Thalassophobia: what is this disorder that everyone remembered after the tragedy with the Titan bathyscaphe

Yulia PoteriankoLife
Evolution has taught us to stay away from moths by giving us a sense of fear of them

The story of the Titan bathyscaphe, which crashed while diving into the wreck of the Titanic, has made people experience an attack of thalassophobia. This is an irrational fear of large and deep bodies of water.

Scientists argue that this may be an evolutionary adaptation that programs us to avoid environments where we will not last long, no matter how well we can swim. The Big Think publication told us more about this disorder, its causes, benefits, dangers, and harms.

How thalassophobia has united the world

Compared to the war in Ukraine, natural disasters and other catastrophes, the loss of the Titan is a tragedy, no matter how cynical it may sound, of a very small scale. There were only five people on board. All of them have now been declared dead.

However, the whole world has been watching the search for their submersible since it was reported missing on Sunday, 18 June. The submersible, which was supposed to dive into the Atlantic Ocean to a depth of 4 km, immediately made headlines around the world and captured the attention of people around the world.

One of the potential reasons why this episode has become so publicised is that most of humanity probably suffers from a mild form of thalassophobia. The second nightmare that haunted the witnesses of the tragedy was claustrophobia, the fear of being locked in a confined space.

What is thalassophobia?

Although no scientific studies have ever been conducted to assess the prevalence of this disorder, popular culture suggests that thalassophobia is far from uncommon. And it seems to have deep roots. Many people are frightened by the very thought of the deep sea.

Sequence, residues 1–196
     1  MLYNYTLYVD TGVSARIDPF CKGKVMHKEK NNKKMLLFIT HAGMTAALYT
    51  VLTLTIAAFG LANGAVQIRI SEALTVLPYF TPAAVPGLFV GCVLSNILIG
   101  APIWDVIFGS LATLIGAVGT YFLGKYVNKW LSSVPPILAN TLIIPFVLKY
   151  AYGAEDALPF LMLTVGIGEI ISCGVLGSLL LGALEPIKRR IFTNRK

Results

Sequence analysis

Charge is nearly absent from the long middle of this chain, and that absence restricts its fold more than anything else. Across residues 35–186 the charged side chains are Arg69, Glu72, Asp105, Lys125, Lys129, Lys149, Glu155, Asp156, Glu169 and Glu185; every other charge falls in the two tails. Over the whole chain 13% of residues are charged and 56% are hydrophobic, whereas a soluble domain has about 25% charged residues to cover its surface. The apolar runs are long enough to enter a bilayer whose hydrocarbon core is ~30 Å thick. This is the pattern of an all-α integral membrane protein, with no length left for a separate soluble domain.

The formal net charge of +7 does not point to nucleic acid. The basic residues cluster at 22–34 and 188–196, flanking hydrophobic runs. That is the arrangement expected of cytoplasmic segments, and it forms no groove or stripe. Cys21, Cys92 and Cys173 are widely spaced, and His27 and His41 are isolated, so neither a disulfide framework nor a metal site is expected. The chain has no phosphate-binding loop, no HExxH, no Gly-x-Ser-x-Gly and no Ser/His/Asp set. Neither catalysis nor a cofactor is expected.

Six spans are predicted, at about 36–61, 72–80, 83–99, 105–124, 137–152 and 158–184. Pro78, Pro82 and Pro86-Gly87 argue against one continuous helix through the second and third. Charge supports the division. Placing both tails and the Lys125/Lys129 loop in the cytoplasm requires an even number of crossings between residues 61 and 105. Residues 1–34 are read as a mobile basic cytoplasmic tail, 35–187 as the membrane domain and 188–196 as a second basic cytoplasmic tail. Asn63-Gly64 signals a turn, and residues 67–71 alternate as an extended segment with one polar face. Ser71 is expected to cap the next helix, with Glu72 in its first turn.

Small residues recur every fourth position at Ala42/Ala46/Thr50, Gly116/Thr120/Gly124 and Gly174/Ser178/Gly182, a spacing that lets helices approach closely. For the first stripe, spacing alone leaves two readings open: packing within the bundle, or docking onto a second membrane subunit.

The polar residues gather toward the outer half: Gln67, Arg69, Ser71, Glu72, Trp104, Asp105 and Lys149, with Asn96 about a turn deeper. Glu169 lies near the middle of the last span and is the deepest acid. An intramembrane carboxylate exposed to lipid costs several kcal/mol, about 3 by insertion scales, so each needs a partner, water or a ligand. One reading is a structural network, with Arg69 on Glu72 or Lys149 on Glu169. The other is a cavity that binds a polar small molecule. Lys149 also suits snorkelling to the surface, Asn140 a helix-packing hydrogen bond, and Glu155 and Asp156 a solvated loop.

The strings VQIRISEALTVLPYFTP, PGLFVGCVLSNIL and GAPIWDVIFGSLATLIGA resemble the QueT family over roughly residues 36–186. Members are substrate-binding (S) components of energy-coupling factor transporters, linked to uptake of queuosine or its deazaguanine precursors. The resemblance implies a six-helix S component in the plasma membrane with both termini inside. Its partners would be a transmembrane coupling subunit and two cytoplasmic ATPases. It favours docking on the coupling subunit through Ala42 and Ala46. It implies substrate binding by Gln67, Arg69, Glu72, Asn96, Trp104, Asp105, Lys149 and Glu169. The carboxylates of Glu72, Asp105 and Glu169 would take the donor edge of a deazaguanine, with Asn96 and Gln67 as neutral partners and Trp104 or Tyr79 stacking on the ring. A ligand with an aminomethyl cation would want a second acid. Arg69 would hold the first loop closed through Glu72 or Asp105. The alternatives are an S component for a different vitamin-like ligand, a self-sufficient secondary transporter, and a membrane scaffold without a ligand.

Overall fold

For example, earlier this year, the developers of the popular video game Horizon Forbidden West introduced a "thalassophobia mode". This was probably at the request of players. Now they can tickle their nerves by exploring the depths of the sea in some parts of the story, having unlimited breathing and additional lighting.

In addition, many books and films play on fears of the ocean depths, including Jules Verne's novel Twenty Thousand Leagues Under the Sea and the thrillers The Abyss (directed by James Cameron) and The Deep Blue Sea (directed by Renny Garlin). Even earlier, people imagined real monsters hiding in the water. It could be the ancient Water Man, or the more recent Loch Ness Monster, Godzilla and Cthulhu.

Why we suffer from thalassophobia

"From an evolutionary perspective, it makes sense that humans would develop a tendency to fear and avoid deep water because of all the risks involved," said Dr Martin Anthony, a professor of psychology at Ryerson University in Toronto. According to him, evolution has programmed us to be afraid of some potentially dangerous situations.

Just as evolution has taught us to avoid spiders and snakes, even though they rarely pose a danger to anyone in the modern world. Probably, the reason for the emergence of thalassophobia was similar. A person cannot successfully survive among the waves of the sea without having reliable shelter and supplies. So we may have developed this fear to keep ourselves on safer land.

Why thalassophobia has a negative impact on science

Scientists suggest that fear of the deep sea is weakening public interest in the ocean depths, despite the fact that the depths play a vital role in the global ecosystem and may have even given rise to all life. "The deep sea will forever remain out of sight, out of mind, and out of public consciousness," said a group of researchers who published an article in December 2020 entitled "Fear and Hatred of the Deep Sea: Why Do People Not Care About the Deep Sea?"

How to overcome thalassophobia

To alleviate the attack of fear that occurs in a person at the mere thought of a deep body of water, the authors of the article suggested a simple exercise. Its meaning is to transfer the distance to a horizontal plane.

"At 11 kilometres deep, the Mariana Trench is often described as an all-consuming abyss at the bottom of the sea, but if we consider the same 11 kilometres on land and expressed horizontally, it suddenly doesn't seem so unattainable," the article says. The authors note that a marathon runner will cover this distance in about 30 minutes. By this measure, the distance will no longer seem so daunting.

Earlier, OBOZREVATEL told why the bodies of the Titanic victims will never be raised to the surface.

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